Concepts and definitions

Compensation of employees

Compensation of employees (D.1) is defined as the total remuneration, in cash or in kind, payable by an employer to an employee in return for work done by the latter during the accounting period.

Compensation of employees is broken down into:

a) wages and salaries (D.11): wages and salaries in cash; wages and salaries in kind;

b) employers’ social contributions (D.12): employers’ actual social contributions (D.121); employers’ imputed social contributions (D.122).

Consumption of fixed capital

Consumption of fixed capital (P.51C) represents the amount of fixed assets used up, during the period under consideration. Consumption is the result of normal wear and tear and foreseeable obsolescence, including a provision for losses of fixed assets as a result of accidental damage which can be insured against.

Consumption of fixed capital should be distinguished from the depreciation shown in business accounts. It refers to the amount of fixed assets used up, during the period under consideration. It should be estimated on the basis of the stock of fixed assets and the probable average economic life of the different categories of those goods.

Disposable income

Disposable income is the balancing item of the current income in the redistribution of income account. It is obtained for each sector by adding current transfers receivable to primary income and by deducting all current transfers payable. It can be used for consumption or saving.

Adjusted disposable income is a corresponding item in the redistribution of income in kind account.

Entrepreneurial income

In national accounts, entrepreneurial income corresponds to the operating surplus or mixed income:

  • property income receivable in connection with financial and other assets belonging to the enterprise (on the resources side);
  • interest on debts payable by the enterprise and rents payable on land and other non-produced tangible assets rented by the enterprise (on the uses side).

Property income payable in the form of dividends or reinvested earnings on direct foreign investment is not deducted from entrepreneurial income.

Final consumption expenditure

Final consumption expenditure consists of expenditure incurred by resident institutional units on goods or services that are used for the direct satisfaction of individual needs or wants, or the collective needs of members of the community. Final consumption expenditure may take place on the domestic territory or abroad. Final consumption expenditure is incurred by households, non-profit institutions serving households and general government. Non-financial corporations, financial and insurance corporations do not have final consumption expenditure.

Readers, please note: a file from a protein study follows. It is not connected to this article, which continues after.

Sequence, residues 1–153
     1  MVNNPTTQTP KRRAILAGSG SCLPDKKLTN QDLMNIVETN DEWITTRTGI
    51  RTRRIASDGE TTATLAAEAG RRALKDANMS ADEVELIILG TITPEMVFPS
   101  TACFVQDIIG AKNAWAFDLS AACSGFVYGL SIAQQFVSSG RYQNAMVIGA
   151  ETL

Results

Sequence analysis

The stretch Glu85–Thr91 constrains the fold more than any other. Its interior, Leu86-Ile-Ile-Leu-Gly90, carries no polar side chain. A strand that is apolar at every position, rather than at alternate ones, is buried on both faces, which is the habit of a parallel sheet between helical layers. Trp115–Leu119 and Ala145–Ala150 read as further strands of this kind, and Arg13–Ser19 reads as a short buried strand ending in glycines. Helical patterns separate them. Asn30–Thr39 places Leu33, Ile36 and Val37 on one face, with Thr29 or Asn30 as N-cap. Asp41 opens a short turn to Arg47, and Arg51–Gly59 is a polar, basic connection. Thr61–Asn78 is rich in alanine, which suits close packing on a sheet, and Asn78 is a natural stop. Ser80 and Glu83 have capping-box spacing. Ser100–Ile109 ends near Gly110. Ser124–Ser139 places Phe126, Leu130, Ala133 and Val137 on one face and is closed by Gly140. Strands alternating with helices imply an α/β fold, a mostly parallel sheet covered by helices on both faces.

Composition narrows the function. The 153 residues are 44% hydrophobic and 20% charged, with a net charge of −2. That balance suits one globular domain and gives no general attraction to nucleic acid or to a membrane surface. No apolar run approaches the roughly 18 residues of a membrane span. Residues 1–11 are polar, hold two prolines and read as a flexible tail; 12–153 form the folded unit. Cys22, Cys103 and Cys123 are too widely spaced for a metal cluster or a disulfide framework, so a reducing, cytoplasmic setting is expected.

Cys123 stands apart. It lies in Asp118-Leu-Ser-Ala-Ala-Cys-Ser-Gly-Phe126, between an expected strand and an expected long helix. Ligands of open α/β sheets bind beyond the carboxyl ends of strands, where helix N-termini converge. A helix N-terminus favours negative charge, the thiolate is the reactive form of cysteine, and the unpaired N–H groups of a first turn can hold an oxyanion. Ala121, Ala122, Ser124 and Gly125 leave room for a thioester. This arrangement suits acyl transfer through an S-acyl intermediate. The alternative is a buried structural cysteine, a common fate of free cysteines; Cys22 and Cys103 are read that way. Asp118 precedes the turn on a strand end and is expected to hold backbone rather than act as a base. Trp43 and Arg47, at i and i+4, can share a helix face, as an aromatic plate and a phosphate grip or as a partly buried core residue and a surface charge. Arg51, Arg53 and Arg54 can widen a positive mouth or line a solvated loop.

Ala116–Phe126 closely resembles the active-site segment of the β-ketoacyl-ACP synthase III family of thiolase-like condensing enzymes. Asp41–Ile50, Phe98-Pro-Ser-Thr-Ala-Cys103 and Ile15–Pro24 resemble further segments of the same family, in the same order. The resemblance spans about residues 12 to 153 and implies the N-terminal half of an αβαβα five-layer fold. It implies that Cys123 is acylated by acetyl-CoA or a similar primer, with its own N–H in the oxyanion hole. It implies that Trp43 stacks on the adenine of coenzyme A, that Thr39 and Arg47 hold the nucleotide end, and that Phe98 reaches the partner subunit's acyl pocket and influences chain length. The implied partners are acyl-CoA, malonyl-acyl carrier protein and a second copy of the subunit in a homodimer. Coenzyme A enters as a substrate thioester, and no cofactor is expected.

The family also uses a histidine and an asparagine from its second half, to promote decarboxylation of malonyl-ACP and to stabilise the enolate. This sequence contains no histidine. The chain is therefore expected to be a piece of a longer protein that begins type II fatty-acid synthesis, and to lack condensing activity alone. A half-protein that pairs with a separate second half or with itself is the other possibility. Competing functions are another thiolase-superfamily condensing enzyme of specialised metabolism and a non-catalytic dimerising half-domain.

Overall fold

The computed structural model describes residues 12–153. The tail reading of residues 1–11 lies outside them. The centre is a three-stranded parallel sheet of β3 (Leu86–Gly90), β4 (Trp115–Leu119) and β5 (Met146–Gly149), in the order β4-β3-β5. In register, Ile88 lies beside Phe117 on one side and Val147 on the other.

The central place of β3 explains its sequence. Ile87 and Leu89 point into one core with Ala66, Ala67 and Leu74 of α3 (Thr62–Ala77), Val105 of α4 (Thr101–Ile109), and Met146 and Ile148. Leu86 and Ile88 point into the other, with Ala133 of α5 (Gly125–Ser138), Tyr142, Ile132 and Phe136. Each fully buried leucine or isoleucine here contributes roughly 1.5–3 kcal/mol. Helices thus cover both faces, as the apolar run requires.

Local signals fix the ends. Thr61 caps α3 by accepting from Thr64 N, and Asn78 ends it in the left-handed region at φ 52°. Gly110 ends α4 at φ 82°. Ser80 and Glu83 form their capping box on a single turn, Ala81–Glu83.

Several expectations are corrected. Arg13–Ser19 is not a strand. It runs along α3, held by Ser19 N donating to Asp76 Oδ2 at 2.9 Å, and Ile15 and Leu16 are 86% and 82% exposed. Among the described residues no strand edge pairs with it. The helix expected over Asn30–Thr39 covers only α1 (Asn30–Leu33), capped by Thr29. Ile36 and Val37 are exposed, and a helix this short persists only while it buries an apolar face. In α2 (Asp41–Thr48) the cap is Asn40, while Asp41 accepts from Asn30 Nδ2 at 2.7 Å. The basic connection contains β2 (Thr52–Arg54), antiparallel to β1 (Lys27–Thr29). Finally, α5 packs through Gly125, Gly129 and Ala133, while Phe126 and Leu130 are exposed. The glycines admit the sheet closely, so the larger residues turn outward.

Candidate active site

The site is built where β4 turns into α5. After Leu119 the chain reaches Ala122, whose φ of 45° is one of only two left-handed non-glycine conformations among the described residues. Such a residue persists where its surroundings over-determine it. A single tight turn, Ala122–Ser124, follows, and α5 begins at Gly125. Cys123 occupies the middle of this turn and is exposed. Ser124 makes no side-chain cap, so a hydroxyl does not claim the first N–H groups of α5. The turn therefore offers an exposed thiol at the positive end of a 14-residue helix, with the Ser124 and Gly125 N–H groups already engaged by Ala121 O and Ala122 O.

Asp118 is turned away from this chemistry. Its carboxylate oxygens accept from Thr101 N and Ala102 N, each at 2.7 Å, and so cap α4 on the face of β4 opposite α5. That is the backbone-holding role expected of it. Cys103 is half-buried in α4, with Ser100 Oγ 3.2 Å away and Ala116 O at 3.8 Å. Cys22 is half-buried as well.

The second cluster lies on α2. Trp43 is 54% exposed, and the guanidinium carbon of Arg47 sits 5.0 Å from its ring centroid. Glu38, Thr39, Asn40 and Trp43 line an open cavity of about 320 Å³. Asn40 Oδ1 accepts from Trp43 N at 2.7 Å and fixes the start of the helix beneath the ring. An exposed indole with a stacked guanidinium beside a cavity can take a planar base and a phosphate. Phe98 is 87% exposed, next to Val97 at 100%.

Financial intermediation services indirectly measured (FISIM)

FISIM refers to indirect financial intermediation services produced by providers of financial intermediation services (deposit banks, other monetary financial institutions practising financial intermediation, and other monetary financial institutions) but not charged separately to the customers. Institutions that practise financial intermediation services provide services for which they charge their customers indirectly by means of paying their depositors interest at a lower rate than the rate that the institutions charge their borrowers (interest rate margin). The interest rate margin covers the other expenses of the activity and produces a surplus. In national accounts, the result of this activity must be measured indirectly, which explains why the phenomenon is referred to as "indirect financial intermediation services". The English abbreviation FISIM (financial intermediation services indirectly measured) is frequently used in Finnish and Swedish texts.

Gross domestic product

GDP, gross domestic product at market prices is the final result of the production activity of resident producer units. It can be defined in three ways: as the sum of gross value added of the various institutional sectors or the various industries plus taxes and less subsidies on products; as the sum of final uses of goods and services by resident institutional units (final consumption, gross capital formation, exports minus imports); as the sum of uses in the total economy generation of income account (compensation of employees, taxes on production and imports less subsidies, gross operating surplus and gross mixed income). (ESA 1995 8.89.)

Gross national income

Gross national income represents total primary income receivable by resident institutional units: compensation of employees, taxes on production and imports less subsidies, gross operating surplus, gross mixed income and property income. Gross national income equals GDP minus primary income payable by resident units to non-resident units plus primary income receivable by resident units from the rest of the world. National income is an income concept, which often is more significant if expressed in net terms, i.e. after deduction of the consumption of fixed capital. (ESA 1995 8.94.)

Intermediate consumption

Intermediate consumption consists of the value of the goods and services consumed as inputs by a process of production, excluding fixed assets whose consumption is recorded as consumption of fixed capital. The goods and services may be either transformed or used up by the production process.